I prefer long, epic, lush, historic books. I only like a shorter book if it is a thriller and very fast paced.

I'm not sure if you are looking for current books that are long and in depth, or recommendations of favorites from several years ago. If you clarify that I can come up with suggestions.

In any case, this recent blog post covers some of them and is filled with recommendations:

https://modernmrsdarcy.com/terrific-...ad-long-books/
Thanks for your reply. I am open to almost any kind of novel, except for violent ones and any that try to disguise the author's personal political opinions or social issue crusade in the form of a novel. In the past, I loved most of Anya Seton's books. (Devil Water is my favorite of hers.) Captains and the Kings by Taylor Caldwell, and Forever Amber by Kathleen Windsor, just to name a few. And, of course, To Kill A Mockingbird.

Btw, I loved Pillars of the Earth, too!

Also, thank you for the link! I very much enjoyed East of Eden by Steinbeck, which was on there.

Btw, I am also wondering if the shorter novels might be due to the modern audience having shorter attention spans and/or less time for reading? Just a thought.

P.S. All of the novels I underlined (including Colony) are on my "Top Ten Favorite (adult) Novels" list. I would have to give it some thought to think what the other ones would be. Far From the Madding Crowd by Thomas Hardy would be one. Dead Zone by Stephen King, too. So, one more to go. I will give it some thought! (I know I liked The Bannaman Legacy by Catherine Cookson when I read it many years ago, so I will reread that one and see if I still liked it as much as I did.)

Last edited by katharsis; 08-12-2019 at 05:30 PM..
Reply With Quote Quick reply to this message
 
Old 08-12-2019, 05:39 PM
Status: "Philippians 4:6-7" (set 29 days ago)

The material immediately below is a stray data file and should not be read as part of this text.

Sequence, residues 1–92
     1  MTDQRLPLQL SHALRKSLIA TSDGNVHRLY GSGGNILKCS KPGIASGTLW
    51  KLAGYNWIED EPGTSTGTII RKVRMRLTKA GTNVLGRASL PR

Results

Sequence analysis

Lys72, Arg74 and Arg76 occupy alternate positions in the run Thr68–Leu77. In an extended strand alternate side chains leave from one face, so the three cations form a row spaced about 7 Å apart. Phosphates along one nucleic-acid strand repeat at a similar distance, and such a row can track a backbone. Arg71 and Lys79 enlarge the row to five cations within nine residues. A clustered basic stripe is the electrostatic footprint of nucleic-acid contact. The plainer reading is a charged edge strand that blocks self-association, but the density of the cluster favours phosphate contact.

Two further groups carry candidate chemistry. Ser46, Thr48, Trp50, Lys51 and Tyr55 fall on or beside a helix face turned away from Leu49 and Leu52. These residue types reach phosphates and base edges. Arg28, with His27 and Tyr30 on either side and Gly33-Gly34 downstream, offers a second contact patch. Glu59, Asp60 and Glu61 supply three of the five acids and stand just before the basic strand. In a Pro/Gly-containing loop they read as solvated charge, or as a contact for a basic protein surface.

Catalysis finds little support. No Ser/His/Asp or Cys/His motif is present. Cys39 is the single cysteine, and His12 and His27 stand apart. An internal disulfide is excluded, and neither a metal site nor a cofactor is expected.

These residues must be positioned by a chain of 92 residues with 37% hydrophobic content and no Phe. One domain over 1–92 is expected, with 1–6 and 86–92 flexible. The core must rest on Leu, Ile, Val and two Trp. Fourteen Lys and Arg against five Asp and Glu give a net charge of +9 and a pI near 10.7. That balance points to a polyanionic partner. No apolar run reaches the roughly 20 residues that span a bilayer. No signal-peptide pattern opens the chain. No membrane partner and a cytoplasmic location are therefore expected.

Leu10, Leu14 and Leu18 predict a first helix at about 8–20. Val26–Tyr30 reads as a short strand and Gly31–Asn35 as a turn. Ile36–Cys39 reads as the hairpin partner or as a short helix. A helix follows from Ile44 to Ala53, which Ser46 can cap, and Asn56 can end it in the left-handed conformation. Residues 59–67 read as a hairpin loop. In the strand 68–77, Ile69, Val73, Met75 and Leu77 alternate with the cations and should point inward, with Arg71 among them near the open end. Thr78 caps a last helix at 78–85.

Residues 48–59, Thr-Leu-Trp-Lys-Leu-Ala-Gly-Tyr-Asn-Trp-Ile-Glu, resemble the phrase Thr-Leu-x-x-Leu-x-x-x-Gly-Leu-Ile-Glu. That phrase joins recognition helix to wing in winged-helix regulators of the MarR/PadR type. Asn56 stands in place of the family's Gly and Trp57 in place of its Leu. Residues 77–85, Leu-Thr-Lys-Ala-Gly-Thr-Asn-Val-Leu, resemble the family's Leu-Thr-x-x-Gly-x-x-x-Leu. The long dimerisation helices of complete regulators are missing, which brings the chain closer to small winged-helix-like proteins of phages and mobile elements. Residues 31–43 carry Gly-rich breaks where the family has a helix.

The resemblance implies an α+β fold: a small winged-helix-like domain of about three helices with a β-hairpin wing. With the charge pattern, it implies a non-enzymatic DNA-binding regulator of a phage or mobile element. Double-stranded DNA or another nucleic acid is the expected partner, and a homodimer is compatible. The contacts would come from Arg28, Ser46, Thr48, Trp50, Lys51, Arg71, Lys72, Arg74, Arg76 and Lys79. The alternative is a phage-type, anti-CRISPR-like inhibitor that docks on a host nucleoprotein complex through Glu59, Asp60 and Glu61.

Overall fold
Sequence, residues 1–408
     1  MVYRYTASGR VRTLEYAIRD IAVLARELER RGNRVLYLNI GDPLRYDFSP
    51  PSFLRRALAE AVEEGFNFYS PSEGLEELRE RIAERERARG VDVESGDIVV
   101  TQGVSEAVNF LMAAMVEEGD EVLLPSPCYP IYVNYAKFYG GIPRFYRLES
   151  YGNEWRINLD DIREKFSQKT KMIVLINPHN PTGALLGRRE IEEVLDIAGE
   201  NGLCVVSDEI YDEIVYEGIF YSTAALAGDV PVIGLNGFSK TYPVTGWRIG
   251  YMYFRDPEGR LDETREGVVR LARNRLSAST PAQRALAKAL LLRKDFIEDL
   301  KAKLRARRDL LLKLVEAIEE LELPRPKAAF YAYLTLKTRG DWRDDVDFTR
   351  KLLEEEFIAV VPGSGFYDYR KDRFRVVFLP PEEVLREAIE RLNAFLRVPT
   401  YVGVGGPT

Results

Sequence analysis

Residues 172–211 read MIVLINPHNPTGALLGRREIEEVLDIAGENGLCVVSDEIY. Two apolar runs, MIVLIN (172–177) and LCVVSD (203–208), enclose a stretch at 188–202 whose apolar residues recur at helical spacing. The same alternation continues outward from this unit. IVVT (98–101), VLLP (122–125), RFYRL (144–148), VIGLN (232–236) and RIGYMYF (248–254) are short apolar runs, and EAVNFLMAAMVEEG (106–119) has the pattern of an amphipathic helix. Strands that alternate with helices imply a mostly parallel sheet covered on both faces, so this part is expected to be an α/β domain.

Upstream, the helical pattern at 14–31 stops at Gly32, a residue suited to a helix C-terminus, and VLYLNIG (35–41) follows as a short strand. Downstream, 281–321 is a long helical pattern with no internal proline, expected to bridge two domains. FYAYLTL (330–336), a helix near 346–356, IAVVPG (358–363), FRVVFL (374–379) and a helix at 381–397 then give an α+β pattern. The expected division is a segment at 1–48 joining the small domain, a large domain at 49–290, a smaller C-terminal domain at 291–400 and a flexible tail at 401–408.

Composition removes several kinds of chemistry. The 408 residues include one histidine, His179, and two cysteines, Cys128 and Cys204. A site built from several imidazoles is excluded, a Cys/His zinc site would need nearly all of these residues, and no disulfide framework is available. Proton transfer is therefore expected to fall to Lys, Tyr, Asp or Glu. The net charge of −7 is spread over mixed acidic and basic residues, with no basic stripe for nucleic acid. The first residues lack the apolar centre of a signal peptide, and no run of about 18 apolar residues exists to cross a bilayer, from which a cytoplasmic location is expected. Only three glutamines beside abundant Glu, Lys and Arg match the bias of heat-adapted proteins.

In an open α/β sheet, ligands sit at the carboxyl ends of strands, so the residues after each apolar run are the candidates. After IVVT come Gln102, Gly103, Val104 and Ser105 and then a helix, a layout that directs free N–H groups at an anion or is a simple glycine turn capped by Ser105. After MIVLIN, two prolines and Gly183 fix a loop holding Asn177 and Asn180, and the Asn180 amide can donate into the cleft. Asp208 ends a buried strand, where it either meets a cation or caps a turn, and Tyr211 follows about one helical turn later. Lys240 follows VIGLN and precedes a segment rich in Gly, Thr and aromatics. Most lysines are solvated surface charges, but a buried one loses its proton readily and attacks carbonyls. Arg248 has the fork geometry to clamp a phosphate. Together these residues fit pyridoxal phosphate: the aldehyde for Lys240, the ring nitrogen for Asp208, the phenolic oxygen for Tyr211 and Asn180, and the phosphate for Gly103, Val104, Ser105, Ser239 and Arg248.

4,249 posts, read 3,419,161 times
Reputation: 5704
I loved "Katherine" by Seton and "Forever Amber" (two of my all time favorites!), so we might have similar tastes! Have you read "Tess of the D'Urbervilles" since you liked "Madding"? I haven't read "Captains and the Kings" but just put it in on my list. Thanks!

In no particular order, and without knowing what you've already read:

"The Midnight Rose" by Lucinda Riley (she writes big, sweeping novels; this one is my favorite but they are all good)
"The Forgotten Garden" by Kate Morton (and all her rest as well)
"The Winter Sea" and "The Shadowy Horses" by Susanna Kearsley (and all her older books, but not "Bellwether")
"The Shell Seekers", "September" and "Coming Home" by Rosamund Pilcher
"The Far Pavilions" by M. M. Kaye
"The Tea Rose" trilogy by Jennifer Donnelly
"The Bronze Horseman" by Paullina Simons
"The Winds of War" and "War and Remembrance" by Herman Wouk
"North and South" trilogy by John Jakes (any of his really)
"Centennial" or anything by James Michener
"Outlander" and the rest of the series by Diana Gabaldon
"The Game of Kings" or anything by Dorothy Dunnett
"The Thorn Birds" by Colleen McCullough
"Harry Potter"...series...by J. K. Rowling
"The Clan of the Cave Bear" by Jean Auel (I personally didn't like this series, but they were huge bestsellers)
"And Ladies of the Club" by Helen Hooven Santmyer
"Roses" by Leila Meacham
"The Other Side of Midnight" by Sidney Sheldon (I love all of his books)
"Shantaram" by Gregory David Roberts
"Shogun" by James Clavell
"Gone With the Wind" by Margaret Mitchell (if you have only seen the movie, but have not read the book...read the book)
"A Prisoner of Birth" by Jeffrey Archer (a retelling of "The Count of Monte Cristo")
"The Power of One" by Bryce Courtenay
"A Prayer for Owen Meany" by John Irving
"Whitney, My Love" by Judith McNaught (if you like historical romance)
"Flowers from the Storm" by Laura Kinsale (also historical romance, but she writes historical romance very differently)
"The Mists of Avalon" by Marion Zimmer Bradley
"The Name of the Rose" by Umberto Eco
"Evergreen" by Belva Plain
"The Day of the Jackal" by Frederick Forsyth (not as long as some, but it is excellent)
"Lonesome Dove" by Larry McMurtry (haven't read it but it is on by TBR list)
"The Black Madonna" by Stella Riley

Stella Riley also has the Rockliffe series, which are shorter, but fantastic if you like that kind of thing...I am a huge fan and she is rereleasing her back catalog as well as continuing to publish new books. The narrator she uses for audio is Alex Wyndham and his voice is magical.

Shorter and not really epic length but very good are all of Georgette Heyer's romances.